Declaration on Abortion
A Statement Issued by the National Conference of Catholic Bishops
November 18, 1970
1. In fulfillment of our teaching responsibility as bishops, once
again we speak of the grave evil of abortion. Since the first centuries of
the Church's existence, abortion has been considered the destruction of
human life. Nothing permits us to judge it differently now. Scientists tell
us that, from the moment of conception, the child is a complex and rapidly
growing being, endowed with the characteristics of human life. Although
dependent on a privileged environment for development, the child in the womb
has a life of its own.
2. The fundamental principle has been solemnly recalled by the
Second Vatican Council:
For God, the Lord of life, has conferred on men the surpassing ministry of
safeguarding life -- a ministry which must be fulfilled in a manner worthy of
man. Therefore from the moment of its conception life must be guarded with the
greatest care, while abortion and infanticide are unspeakable crimes (Pastoral
Constitution on the Church in the Modern World, No. 51).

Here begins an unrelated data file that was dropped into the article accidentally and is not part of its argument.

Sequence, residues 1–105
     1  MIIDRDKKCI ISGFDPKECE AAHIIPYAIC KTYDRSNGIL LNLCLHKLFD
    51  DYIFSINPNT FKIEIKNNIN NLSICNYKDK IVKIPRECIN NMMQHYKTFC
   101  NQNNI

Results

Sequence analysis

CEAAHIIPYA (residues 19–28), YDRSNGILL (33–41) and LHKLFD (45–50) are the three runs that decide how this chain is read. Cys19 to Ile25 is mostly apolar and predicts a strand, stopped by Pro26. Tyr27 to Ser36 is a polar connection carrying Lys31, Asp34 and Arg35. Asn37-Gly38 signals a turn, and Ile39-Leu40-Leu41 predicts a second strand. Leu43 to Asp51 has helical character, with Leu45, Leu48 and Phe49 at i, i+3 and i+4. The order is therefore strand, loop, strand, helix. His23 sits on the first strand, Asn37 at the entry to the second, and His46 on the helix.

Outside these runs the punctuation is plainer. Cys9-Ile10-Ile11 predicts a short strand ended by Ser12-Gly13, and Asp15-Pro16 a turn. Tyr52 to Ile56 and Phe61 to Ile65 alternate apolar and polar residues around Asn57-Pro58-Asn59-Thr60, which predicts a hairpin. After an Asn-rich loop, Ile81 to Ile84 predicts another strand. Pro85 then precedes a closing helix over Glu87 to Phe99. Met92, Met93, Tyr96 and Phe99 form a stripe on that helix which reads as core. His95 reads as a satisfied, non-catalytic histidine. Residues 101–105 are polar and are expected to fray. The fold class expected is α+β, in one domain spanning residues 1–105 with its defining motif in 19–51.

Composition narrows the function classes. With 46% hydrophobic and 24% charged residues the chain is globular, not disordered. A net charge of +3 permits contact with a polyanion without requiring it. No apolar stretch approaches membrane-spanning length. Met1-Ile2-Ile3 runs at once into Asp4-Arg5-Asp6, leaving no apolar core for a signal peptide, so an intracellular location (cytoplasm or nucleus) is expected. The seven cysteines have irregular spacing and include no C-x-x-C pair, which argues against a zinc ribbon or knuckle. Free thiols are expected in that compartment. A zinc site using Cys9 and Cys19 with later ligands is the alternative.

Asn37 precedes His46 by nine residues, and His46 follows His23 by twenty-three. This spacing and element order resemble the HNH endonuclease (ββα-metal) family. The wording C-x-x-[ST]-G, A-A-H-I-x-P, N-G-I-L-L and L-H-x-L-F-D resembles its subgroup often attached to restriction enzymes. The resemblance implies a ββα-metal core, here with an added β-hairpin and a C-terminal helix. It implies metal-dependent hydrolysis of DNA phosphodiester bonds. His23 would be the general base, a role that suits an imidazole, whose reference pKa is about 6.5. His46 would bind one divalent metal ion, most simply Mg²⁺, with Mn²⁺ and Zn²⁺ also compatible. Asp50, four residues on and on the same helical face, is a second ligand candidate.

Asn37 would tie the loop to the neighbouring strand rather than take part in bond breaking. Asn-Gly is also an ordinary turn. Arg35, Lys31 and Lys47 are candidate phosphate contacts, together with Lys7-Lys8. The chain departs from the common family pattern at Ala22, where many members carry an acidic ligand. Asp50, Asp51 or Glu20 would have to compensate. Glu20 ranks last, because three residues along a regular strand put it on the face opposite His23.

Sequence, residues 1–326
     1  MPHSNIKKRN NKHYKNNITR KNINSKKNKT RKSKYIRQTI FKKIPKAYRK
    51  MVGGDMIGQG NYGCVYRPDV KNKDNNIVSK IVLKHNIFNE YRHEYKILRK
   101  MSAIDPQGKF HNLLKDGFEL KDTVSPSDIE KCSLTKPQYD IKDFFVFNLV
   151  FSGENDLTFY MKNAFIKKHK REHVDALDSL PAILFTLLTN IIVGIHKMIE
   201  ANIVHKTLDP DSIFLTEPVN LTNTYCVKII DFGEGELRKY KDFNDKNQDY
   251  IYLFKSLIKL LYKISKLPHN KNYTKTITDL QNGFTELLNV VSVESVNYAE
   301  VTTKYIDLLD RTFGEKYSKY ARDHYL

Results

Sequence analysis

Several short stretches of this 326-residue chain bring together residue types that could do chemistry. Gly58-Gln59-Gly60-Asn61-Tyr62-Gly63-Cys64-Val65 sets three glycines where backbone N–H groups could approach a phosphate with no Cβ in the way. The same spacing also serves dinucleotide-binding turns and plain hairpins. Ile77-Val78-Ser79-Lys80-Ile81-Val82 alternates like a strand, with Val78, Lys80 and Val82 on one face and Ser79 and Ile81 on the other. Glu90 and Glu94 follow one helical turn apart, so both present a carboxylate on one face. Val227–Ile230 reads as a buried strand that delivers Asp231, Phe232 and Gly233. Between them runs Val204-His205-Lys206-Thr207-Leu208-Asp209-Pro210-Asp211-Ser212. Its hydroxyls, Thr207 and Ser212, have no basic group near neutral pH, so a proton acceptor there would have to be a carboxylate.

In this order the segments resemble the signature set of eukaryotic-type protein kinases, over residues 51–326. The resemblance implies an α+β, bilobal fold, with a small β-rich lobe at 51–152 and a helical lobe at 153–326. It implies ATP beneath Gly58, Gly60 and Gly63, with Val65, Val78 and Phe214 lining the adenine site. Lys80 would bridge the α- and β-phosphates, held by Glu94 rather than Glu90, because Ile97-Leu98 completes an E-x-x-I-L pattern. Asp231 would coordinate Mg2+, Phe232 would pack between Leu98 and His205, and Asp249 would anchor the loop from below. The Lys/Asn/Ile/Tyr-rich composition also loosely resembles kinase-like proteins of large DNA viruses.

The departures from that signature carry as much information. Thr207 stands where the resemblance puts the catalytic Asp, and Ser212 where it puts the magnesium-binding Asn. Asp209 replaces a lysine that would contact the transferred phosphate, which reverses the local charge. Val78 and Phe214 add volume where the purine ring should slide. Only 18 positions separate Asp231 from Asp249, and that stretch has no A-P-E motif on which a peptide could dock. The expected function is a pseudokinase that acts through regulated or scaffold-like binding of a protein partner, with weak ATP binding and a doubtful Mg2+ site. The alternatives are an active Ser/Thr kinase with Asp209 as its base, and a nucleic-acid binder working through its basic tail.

3. The function of law is to support and protect the rights of
every person. The unborn child's civil rights have consistently been
recognized by American law. Proposed liberalization of the present abortion
laws ignores the most basic of these rights, the right to life itself.
4. The child in the womb is human. Abortion is an unjust
destruction of a human life, and morally that is murder. Society has no
right to destroy this life. Even the expectant mother has no such right. The
law must establish every possible protection for the child before and after
5. We remind Catholic physicians and nurses that, regardless of
changing laws, direct abortion is always morally wrong. Catholic hospitals
and their staffs must witness to the sanctity of life by respecting and
defending human life, before birth as well as afterwards. Theirs ought to be
the highest standards possible in the total care both of mother and child.
6. The evil of abortion is not exclusively the responsibility of
one person. Society is also often guilty of a lack of compassion and justice
for the expectant mother. In fulfillment of its responsibility, society
should do all that is possible to provide necessary medical and other
assistance. We urge government and all voluntary agencies, including
Church-sponsored institutions, to intensify and broaden counseling and care
of expectant mothers who otherwise may be tempted to resort to solutions
contrary to God's law.